On the day of his daughter’s wedding, Vito Corleone can’t refuse a single request, no matter how eccentric. Yes, of course he can help you pay for those restaurant renovations. That Hollywood producer is giving you a hard time? Don’t worry. He and Vito are going to have a chat. What’s that Fluffy? Sure, Vito’ll scratch your neck. You like that, don’t you, Fluffy. Yes you do. (Yes you do.) So does Vito. He’s always loved cats. And in just a few scenes, he’s going to do something to a horse that really sticks it to the Hollywood suit.
Vito Corleone may be a cruel monster, but his cat *loves* him. And as any cat owner will attest, that love is duly earned. Sure, they’ll brush up against your leg, maybe let you pet them a little. But the Corleone cat is rolling around on godpoppa’s lap, showing him the bellied goods. That means Fluffy and Vito have a history that Vito’s taken the time to nurture.
If anything, that’s what makes Vito Corleone so scary. Sure, he’s a ruthless murderer who wouldn’t give a second thought to pumping your torso full of holes. But he’s also a cat person, which is so…ordinary.
I’ve always been more freaked out by average folks who are capable of great evil than fantastical serial killers, like Freddy Krueger. Psychologist Dr. Deborah Serani says that makes perfect sense. “Any human being…is far more frightening than a distilled, flat-dimensional psychopathic character,” she explains. “The reason that it’s creepier is because we are all human and complex. And when we discover that someone just like us can do evil, terrifying things, it causes us to wonder how close we can be to doing such things.”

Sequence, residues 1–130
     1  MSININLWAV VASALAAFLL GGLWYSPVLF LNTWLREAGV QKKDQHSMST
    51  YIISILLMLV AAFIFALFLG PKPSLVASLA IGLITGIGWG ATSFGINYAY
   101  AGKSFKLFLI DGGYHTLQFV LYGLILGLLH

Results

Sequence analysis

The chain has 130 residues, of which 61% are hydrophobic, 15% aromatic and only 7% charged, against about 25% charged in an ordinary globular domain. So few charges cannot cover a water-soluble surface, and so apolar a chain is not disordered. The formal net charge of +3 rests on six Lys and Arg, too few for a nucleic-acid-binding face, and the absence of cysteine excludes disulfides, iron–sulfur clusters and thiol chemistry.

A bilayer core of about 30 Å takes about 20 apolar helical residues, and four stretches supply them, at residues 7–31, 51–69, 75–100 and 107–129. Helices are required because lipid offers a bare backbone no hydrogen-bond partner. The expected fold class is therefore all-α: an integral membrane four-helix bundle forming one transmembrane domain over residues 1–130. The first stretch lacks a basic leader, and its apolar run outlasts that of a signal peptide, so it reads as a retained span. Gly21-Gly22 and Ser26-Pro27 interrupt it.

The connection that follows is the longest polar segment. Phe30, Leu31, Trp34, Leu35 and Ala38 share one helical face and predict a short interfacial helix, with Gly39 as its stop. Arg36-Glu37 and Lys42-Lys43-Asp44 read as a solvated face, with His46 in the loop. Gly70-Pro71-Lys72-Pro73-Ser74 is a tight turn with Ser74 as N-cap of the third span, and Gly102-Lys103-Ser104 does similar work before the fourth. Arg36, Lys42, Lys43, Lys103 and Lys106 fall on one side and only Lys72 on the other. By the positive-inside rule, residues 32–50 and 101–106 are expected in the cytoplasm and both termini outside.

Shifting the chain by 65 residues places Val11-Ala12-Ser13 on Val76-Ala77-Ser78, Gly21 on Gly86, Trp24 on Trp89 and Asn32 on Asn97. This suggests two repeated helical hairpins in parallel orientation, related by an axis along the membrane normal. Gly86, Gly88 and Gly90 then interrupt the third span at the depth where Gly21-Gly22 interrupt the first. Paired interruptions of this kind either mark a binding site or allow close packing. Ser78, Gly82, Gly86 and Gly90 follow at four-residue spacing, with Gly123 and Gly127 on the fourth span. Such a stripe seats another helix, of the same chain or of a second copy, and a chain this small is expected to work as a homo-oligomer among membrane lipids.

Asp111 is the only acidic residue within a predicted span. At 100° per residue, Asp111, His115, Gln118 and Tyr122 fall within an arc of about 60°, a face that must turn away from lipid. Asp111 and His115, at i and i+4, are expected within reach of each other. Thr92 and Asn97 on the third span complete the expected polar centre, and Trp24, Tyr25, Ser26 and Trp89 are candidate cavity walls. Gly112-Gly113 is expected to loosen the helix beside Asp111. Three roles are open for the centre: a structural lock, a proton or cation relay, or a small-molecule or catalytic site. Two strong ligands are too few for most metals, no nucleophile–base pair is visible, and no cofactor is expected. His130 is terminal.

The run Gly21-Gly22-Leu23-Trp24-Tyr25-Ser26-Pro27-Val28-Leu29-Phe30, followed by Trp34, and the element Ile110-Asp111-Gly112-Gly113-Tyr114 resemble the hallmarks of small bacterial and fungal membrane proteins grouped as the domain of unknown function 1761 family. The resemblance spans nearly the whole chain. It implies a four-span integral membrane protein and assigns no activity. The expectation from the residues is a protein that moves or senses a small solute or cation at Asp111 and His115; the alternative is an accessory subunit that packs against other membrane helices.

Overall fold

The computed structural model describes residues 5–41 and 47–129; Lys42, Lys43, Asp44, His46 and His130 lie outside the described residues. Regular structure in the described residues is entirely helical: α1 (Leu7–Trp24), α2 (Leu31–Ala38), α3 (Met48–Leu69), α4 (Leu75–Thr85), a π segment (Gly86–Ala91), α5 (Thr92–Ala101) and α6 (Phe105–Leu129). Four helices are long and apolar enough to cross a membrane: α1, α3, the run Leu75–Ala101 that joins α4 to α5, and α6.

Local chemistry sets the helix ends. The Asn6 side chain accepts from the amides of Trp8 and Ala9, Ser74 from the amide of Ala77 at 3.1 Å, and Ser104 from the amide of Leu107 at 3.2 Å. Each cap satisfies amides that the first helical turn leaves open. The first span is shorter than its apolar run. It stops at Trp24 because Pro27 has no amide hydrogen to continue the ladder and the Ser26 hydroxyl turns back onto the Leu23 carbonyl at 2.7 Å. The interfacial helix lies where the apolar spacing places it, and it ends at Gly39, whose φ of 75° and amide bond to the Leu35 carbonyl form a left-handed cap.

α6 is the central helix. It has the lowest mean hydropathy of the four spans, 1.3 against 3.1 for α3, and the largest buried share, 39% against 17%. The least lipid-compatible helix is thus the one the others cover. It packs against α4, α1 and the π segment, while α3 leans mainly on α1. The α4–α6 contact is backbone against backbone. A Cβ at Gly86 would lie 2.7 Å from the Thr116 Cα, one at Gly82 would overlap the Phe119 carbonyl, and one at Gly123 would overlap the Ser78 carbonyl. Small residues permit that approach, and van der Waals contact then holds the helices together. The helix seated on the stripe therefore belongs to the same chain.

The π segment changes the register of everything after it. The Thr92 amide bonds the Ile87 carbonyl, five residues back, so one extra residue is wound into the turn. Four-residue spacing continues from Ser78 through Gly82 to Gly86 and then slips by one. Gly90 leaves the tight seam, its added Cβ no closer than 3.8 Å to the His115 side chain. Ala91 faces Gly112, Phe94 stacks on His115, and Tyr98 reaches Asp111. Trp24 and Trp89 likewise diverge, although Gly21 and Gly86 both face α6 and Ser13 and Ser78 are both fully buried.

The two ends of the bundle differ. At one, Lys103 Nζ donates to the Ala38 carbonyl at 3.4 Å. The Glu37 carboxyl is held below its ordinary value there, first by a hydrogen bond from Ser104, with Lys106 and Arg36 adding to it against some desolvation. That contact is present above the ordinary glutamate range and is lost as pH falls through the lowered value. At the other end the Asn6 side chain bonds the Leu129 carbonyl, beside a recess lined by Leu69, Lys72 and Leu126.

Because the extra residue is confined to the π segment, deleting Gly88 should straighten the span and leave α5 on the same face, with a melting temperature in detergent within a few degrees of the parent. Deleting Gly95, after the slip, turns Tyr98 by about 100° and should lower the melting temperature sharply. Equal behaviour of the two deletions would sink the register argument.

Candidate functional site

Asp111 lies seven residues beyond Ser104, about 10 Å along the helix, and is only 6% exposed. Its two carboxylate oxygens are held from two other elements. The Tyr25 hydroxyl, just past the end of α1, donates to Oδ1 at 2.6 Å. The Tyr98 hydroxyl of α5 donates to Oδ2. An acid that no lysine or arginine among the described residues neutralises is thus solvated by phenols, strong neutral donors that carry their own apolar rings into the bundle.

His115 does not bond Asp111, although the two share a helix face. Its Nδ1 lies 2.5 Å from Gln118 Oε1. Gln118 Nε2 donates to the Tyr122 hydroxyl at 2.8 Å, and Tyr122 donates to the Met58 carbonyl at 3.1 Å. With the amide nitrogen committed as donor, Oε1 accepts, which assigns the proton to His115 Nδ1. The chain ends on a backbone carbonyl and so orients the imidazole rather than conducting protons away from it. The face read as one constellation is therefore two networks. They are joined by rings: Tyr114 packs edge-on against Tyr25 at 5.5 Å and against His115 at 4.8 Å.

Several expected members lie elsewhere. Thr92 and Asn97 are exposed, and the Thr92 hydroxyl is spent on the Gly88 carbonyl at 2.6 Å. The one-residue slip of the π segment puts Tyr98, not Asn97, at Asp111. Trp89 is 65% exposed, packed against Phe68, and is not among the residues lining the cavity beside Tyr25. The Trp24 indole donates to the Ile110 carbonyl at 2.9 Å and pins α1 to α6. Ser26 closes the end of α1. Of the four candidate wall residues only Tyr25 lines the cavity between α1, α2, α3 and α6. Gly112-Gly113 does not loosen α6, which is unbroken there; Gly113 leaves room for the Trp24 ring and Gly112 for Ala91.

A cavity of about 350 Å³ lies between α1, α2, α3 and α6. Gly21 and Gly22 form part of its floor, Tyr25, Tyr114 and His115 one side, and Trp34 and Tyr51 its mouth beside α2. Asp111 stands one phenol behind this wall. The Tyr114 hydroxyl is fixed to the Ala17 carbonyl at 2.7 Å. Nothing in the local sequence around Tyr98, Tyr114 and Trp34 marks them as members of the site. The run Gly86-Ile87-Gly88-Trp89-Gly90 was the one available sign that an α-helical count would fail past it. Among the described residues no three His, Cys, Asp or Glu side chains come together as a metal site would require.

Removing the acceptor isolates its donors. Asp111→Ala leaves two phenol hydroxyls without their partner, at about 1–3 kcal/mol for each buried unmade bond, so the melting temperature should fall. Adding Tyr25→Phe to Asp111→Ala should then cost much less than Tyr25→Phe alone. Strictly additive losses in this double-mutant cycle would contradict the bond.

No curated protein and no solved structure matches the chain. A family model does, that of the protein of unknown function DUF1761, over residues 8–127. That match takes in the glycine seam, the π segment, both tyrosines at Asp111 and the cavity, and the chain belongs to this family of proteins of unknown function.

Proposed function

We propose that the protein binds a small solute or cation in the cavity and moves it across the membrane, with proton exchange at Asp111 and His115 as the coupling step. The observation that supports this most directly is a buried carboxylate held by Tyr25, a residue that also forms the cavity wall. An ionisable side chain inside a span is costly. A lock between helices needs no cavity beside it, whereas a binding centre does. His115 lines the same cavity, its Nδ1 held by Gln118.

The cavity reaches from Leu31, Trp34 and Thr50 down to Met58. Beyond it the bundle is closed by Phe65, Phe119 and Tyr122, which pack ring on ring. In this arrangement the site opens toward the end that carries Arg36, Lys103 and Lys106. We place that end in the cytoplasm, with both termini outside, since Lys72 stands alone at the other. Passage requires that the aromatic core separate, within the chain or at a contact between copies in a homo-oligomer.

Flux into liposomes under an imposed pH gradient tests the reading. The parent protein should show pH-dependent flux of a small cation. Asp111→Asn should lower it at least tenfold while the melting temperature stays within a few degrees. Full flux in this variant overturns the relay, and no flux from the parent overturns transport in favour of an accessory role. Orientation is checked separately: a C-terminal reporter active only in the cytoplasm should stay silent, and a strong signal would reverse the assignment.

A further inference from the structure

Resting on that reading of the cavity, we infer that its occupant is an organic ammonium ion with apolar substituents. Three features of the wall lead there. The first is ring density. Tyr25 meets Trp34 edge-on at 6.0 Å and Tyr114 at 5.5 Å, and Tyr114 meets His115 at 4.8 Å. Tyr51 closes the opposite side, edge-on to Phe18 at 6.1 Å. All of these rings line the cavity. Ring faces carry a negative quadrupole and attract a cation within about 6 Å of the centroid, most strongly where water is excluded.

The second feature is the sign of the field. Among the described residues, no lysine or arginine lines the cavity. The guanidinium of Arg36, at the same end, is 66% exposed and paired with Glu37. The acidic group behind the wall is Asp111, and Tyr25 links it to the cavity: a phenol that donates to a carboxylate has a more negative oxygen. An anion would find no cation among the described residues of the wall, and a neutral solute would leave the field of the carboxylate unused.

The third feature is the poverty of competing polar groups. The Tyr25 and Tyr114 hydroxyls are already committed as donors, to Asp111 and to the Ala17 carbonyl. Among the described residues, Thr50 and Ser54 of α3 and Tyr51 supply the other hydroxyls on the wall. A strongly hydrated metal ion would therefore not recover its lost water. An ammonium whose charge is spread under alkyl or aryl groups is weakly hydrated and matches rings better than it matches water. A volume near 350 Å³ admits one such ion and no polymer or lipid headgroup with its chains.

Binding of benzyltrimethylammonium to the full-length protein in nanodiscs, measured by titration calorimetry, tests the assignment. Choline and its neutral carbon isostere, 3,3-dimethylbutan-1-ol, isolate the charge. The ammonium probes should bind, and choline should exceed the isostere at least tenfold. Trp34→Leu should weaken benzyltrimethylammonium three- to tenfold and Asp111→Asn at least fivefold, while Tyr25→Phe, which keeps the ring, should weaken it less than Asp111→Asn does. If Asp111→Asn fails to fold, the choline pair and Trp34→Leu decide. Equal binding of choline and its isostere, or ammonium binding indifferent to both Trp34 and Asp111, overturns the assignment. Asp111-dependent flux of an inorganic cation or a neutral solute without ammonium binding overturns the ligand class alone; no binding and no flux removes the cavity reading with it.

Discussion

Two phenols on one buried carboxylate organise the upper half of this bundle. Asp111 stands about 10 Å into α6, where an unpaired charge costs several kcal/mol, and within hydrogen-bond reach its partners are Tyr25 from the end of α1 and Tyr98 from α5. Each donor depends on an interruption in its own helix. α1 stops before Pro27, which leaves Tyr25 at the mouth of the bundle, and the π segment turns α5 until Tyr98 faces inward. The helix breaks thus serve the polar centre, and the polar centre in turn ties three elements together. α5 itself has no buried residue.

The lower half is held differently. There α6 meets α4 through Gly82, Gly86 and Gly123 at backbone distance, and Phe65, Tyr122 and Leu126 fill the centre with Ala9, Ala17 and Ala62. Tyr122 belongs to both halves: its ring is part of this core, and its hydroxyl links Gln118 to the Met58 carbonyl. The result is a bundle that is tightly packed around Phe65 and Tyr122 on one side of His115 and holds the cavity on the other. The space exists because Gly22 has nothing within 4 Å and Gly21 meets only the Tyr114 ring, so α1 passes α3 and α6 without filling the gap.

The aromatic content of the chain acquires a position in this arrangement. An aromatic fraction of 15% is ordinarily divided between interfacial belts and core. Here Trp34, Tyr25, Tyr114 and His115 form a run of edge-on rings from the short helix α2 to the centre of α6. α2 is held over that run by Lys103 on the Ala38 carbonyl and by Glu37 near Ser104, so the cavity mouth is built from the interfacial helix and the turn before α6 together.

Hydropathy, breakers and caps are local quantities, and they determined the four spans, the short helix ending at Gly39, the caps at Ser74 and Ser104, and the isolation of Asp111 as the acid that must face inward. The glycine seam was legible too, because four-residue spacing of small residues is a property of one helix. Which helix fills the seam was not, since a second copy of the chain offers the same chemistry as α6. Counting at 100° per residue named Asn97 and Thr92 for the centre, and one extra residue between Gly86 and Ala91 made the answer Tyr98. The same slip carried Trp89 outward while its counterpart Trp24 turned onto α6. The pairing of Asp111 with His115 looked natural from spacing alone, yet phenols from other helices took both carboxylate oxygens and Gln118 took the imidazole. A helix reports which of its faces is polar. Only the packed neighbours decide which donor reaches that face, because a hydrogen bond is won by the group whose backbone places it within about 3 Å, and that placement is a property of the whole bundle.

I’m not sure how close I am to doing any of the things the following movie villains did, but they left their mark because their brand of evil is seasoned with the uncannily mundane.
“Wait for the cream.” – Colonel Hans Landa, Inglourious Basterds
There’s a lot that’s unsettling about Colonel Hans Landa: his cool demeanour, his inexorable grin, his talent for capturing Jews, and especially his sharp mind. He’s a cultured fellow, having travelled plenty, learned many languages, and tasted a host of different foods. Yet there’s little he seems to enjoy more than a plain glass of milk. Dr. Serani thinks Landa uses it to assert his authority over the situations he’s in, from confronting the dairy farmer to that unnerving afternoon tea with Shoshanna. That’s certainly the larger subtext of those scenes. But his love of milk seems disconnected to hunting Jews. It’s more like one of life’s simple pleasures, like the icing on the cake, or the cream on the strudel. It does something to his palate, perhaps taps into a soothing childhood memory. So when he has a glass of the farmer’s milk, it feels more like a “don’t mind if I do” than a “what’s yours is mine.” According to Christoph Waltz’s own description of the character he portrayed, Landa is “realistic to the point of being inhuman.” Add that to Quentin Tarantino’s penchant for quiet terror and you’ve got one bone-chilling Nazi.
“A hobby should pass the time, not fill it.” – Norman Bates, Psycho